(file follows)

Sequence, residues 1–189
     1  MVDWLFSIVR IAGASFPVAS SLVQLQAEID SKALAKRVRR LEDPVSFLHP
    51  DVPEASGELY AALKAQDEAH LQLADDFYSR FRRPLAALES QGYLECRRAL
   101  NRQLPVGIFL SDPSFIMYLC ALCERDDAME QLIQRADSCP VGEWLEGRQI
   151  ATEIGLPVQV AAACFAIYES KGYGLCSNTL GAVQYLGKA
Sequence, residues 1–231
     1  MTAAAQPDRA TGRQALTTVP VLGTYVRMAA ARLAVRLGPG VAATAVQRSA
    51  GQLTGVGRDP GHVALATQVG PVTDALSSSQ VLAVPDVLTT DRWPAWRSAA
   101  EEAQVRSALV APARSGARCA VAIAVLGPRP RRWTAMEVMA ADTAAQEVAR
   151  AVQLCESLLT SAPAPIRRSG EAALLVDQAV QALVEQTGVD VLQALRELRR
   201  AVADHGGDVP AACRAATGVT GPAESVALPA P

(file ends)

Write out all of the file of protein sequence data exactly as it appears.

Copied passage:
Sequence, residues 1–189
     1  MVDWLFSIVR IAGASFPVAS SLVQLQAEID SKALAKRVRR LEDPVSFLHP
    51  DVPEASGELY AALKAQDEAH LQLADDFYSR FRRPLAALES QGYLECRRAL
   101  NRQLPVGIFL SDPSFIMYLC ALCERDDAME QLIQRADSCP VGEWLEGRQI
   151  ATEIGLPVQV AAACFAIYES KGYGLCSNTL GAVQYLGKA
Sequence, residues 1–231
     1  MTAAAQPDRA TGRQALTTVP VLGTYVRMAA ARLAVRLGPG VAATAVQRSA
    51  GQLTGVGRDP GHVALATQVG PVTDALSSSQ VLAVPDVLTT DRWPAWRSAA
   101  EEAQVRSALV APARSGARCA VAIAVLGPRP RRWTAMEVMA ADTAAQEVAR
   151  AVQLCESLLT SAPAPIRRSG EAALLVDQAV QALVEQTGVD VLQALRELRR
   201  AVADHGGDVP AACRAATGVT GPAESVALPA P